IDENTIFYING YOUR PESTS
The pests we love to catch, kill, and keep out.
Ants, And Why They Come to Your House.
Many types of ants have moved to Hawaii. They come into our homes because they need food (especially sweets), and water. On the dry sides of our islands, they always search for water.
What to do.
Ants need moisture, so leaky pipes and windows—and dampness in kitchens, bathrooms, and under your house—are very attractive to ants. Some love moist wood and paper, so all these attractants must be removed. In the kitchen, keep food, crumbs, and open containers off countertops. Wash dishes quickly. Empty the trash. Don’t make pet food available to them.
To keep ants out, entry points to your house such as cracks, openings around windows and roofs need to be sealed. Trees and shrubs need to be trimmed away from the house.
Important control steps are identifying the species, food cleanup inside and outside, drying up moisture, excluding them from the home, and choosing the correct methods to stop them.
Identifying Your Ants
Argentine Ants (2.2 to 2.8mm—Black, musty smell when crushed)
Colonies can appear in massive numbers, so much that when they move in, often people move out. Once in your house, they can build nests in your walls or under your house. It’s best not to use a repellent spray, which can trap them in your home. And because they appear in such large numbers they can overrun regular baits. Argentine ants vary in color but in Hawaii they are primarily black. Untrimmed trees and shrubs touching the house are their bridge from the outside to the inside of your home.
Ghost Ants (1.3 to 1.5mm—semi-translucent)
They look like tiny dark spots that move. But they can be disease carriers and can carry pathogens to your kitchen and your family. Ghost ants are hard to control, and don’t respond well to standard store-bought baits. Worse, when a homeowner uses a grocery store perimeter treatment they unwittingly can trap a whole colony inside their house. It’s important to act strategically to move them outside, and to use non-repellent materials they take back to their nests to kill the whole colony.
Whitefooted Ants (2.7mm—black with white feet)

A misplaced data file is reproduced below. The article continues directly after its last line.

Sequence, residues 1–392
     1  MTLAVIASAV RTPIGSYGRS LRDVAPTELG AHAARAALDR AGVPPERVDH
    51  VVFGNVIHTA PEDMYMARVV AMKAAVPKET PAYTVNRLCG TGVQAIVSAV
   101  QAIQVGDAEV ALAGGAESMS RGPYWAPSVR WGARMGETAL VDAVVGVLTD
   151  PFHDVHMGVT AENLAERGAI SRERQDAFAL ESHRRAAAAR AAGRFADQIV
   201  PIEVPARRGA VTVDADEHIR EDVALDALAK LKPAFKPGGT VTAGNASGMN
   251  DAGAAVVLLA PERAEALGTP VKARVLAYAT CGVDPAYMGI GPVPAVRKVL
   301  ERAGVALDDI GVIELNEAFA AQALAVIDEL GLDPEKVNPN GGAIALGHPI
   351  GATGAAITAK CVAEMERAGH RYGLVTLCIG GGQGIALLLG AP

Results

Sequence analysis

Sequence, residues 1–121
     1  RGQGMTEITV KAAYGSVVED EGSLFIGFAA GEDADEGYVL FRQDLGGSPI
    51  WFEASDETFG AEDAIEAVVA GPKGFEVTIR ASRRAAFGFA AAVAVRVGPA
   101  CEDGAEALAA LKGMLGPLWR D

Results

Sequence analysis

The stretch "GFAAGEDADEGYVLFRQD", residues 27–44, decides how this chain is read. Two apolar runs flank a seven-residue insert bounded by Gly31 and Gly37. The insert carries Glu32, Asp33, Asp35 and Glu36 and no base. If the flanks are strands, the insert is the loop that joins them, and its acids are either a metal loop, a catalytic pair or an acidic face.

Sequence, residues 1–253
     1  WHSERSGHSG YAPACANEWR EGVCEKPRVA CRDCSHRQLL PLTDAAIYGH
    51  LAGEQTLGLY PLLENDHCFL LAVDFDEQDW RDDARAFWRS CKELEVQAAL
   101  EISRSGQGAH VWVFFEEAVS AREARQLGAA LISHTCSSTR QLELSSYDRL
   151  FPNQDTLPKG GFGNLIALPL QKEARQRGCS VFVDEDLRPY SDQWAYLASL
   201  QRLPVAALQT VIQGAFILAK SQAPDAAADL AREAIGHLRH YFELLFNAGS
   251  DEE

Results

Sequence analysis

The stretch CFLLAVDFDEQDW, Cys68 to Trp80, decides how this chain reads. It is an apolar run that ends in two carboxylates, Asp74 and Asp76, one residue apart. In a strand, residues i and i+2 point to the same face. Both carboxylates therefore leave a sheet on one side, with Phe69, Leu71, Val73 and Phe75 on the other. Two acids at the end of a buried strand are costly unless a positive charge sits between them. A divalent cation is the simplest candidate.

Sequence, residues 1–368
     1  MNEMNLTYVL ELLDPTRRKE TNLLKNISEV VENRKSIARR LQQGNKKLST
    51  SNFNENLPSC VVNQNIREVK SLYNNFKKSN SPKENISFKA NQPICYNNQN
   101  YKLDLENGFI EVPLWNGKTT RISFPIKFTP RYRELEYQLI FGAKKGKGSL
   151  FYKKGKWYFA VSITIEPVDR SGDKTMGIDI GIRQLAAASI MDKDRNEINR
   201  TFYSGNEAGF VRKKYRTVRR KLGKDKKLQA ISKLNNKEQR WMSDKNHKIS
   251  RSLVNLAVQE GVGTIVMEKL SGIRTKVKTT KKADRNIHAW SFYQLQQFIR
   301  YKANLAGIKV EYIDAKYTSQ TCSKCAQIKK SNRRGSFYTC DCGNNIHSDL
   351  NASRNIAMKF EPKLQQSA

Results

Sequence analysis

Their territory can be very large and they can appear in large numbers. They can get into electrical boxes and short out your system. They are controlled much like Argentine ants.
Pharaoh Ants (2mm—light brown heads and darker back ends)
You’ll find them most often in your kitchen or bathrooms. The pharaoh is mostly an indoor ant that nests outside, but close to your house. This one is the worst for do-it-yourselfers: If you spray harsh chemicals (like Raid or even Windex) on them, the ants will split their colony, and they will spread. When you call us, we will use a slow-acting but very effective bait system that they will take it back to their colony and eat. And feed their offspring, so that they are all eradicated.
Carpenter Ants (5mm to 1.2cm—big, black, solitary)
They are the big black ones, probably 1/8-inch long, and wander individually. You’ll find them in your attic and walls, because they follow termite channels. The bad news is they eat wet wood, so you probably have more than one problem—ants plus a leak somewhere. When they eat it they leave little piles of sawdust. If you see them, they’ve probably built a home somewhere nearby in lava voids or rotten trees. When we come to your home, we’ll work to find their colonies and eradicate them.
Fire Ants (2 to 3mm—small, red, painful bite)
This is another invasive species, new to our islands and more problematic. Small, stout, red ants 1/8 inch long that live in trees. They’re called fire ants because when they sting they make you feel like you’ve been set on fire. It’s really painful, and your kids really will let you know when they’re a problem. When you call us, we’ll most likely use perimeter baits and repellents.